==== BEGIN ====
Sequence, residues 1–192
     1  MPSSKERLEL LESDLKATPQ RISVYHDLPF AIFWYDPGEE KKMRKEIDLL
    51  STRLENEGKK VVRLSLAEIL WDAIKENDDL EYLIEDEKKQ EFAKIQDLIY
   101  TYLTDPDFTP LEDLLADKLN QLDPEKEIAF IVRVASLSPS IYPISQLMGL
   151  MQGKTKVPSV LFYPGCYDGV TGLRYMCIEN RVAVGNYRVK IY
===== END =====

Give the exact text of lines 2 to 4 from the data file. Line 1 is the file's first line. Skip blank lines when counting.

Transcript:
     1  MPSSKERLEL LESDLKATPQ RISVYHDLPF AIFWYDPGEE KKMRKEIDLL
    51  STRLENEGKK VVRLSLAEIL WDAIKENDDL EYLIEDEKKQ EFAKIQDLIY
   101  TYLTDPDFTP LEDLLADKLN QLDPEKEIAF IVRVASLSPS IYPISQLMGL